One Jersey City landlord is trying to woo tenants by letting them rent their apartments on Airbnb

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Jersey City has much to offer New Yorkers in search of a cheaper (and chiller) life: A quick commute to downtown Manhattan, more spacious apartments than what you might find city-side, and, according to Eater, a booming restaurant scene. And now, per the Wall Street Journal, one JC landlord is attempting to attract renters with another perk: The ability to rent out their apartments on Airbnb. 

Naturally, there's a catch. The Jersey City Urby rental complex offering this perk gets 5 to 15 percent of the earnings from these short-term rentals, and renters are allowed to take in Airbnb-ers only 30 days a year. 

Still, for residents who go out of town from time to time and want to earn a little extra income while doing so, this arrangement may be easier than what they'd encounter in NYC. Here, the city's Multiple Dwelling Law makes it illegal to rent your apartment on Airbnb for any amount of time less than 30 days, or risk facing fines of up to $7,500. (Proponents of the policy argue that services like Airbnb remove rentals from a market that's already strapped for housing--and compete with the hotel business.) 

The Jersey City Urby arrangement represents the first step in Airbnb's new Friendly Buildings Program, which attempts to foster compromise between enterprising tenants and the landlords who may not be so thrilled about short-term renters coming and going from their buildings. Under the program, provided that landlords and renters agree, a clause is added to leases stipulating the terms of the Airbnb arrangement, and giving landlords their cut.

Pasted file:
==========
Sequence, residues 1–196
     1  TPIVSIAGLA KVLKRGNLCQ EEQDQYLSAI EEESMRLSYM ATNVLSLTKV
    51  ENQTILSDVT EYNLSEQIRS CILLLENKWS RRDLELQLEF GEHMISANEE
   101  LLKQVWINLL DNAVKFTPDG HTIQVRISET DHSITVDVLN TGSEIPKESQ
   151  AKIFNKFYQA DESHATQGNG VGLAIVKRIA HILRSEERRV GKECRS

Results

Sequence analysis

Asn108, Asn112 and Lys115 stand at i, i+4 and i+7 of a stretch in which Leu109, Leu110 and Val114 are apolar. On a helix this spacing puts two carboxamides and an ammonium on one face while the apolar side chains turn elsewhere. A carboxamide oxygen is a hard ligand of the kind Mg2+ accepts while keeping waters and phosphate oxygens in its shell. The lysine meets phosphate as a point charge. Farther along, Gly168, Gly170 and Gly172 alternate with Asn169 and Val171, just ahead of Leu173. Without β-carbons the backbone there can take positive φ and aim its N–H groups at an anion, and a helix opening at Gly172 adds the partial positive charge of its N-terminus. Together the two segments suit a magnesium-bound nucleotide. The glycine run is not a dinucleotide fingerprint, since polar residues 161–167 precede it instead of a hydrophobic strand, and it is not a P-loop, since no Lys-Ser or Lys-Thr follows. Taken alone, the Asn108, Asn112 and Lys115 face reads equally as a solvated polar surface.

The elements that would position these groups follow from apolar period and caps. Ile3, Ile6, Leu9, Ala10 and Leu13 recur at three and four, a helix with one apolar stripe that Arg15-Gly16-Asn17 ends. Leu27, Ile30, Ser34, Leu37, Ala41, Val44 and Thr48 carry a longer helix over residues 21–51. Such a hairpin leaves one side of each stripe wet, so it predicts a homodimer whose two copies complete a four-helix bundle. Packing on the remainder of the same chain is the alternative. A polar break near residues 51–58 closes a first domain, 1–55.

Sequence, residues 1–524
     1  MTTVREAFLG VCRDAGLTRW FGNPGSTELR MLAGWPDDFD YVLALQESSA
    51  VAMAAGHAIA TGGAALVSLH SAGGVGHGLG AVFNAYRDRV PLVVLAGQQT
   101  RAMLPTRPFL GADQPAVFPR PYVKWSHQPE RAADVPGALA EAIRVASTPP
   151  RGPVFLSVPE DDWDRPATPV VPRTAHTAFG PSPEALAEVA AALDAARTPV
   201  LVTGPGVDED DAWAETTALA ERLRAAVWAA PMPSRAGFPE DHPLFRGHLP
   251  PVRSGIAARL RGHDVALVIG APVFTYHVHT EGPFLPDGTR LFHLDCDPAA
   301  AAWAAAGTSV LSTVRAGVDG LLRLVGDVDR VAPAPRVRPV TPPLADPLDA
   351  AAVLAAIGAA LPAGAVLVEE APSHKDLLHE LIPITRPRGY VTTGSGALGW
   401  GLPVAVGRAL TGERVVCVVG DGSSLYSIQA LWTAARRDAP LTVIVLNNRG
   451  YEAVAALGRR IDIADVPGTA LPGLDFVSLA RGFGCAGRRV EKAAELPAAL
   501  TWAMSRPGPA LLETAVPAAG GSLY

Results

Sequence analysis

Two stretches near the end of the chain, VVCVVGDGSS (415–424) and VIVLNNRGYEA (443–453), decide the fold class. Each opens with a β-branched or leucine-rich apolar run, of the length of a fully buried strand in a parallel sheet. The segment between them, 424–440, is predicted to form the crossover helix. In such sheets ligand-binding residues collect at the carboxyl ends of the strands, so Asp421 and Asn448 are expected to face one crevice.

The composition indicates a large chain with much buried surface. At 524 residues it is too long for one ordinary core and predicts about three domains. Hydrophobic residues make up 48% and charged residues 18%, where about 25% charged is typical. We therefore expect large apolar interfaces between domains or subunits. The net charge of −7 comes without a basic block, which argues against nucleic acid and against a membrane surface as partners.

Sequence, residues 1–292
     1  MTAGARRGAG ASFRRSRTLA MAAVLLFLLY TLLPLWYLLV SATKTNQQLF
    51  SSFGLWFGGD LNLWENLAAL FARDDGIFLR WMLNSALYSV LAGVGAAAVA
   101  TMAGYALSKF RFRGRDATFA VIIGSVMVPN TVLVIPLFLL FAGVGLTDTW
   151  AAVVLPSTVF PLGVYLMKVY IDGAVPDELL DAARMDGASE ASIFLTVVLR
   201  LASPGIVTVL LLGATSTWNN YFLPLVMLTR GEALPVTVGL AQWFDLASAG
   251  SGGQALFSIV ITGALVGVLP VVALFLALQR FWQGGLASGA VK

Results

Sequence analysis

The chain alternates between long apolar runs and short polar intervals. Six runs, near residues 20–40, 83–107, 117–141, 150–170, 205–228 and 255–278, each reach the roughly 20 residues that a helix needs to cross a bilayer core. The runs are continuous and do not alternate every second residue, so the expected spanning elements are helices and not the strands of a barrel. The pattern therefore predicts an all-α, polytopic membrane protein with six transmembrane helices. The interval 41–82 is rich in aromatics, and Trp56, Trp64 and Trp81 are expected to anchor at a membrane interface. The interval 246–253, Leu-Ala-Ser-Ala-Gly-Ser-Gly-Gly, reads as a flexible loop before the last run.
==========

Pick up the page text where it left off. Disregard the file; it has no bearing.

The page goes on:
David Barry, president of the developer behind Urby, tells the WSJ that part of the appeal in the Jersey City property is that the Airbnb renters can not only come and go as they please (unlike in NYC, where they may be compelled to sneak past disapproving landlords or, of course, the watchful eye of the law) but also make use of the complex's many amenities, which sound downright hotel-like: heated pool and outdoor deck, a gym, a cafe, and more. 

But whether it's worth it for renters to forfeit a portion of their Airbnb earnings to their landlords, for the sake of doing business above-board, isn't totally clear. While it's definitely a gamble to host on Airbnb in New York, Crain's reports that relatively few New Yorkers--139, to be exact--have been hit with penalties, and many more seem willing to take the risk, considering that there are over 23,000 possibly-illegal NYC listings currently up on the site. 

And besides that, NJ renters may soon find themselves obliged to take their chances, too. As Brick previously reported, legislation is currently making its way through the state government that would allow municipalities and property owners enact rules like the ones in NYC, preventing renters from taking in Airbnb-ers for less than a month at a stretch. And another bill proposes that Airbnb rentals be taxed similarly to hotels, according to On either side of the Hudson, it seems, an Airbnb side hustle can come with its uncertainties--and expenses.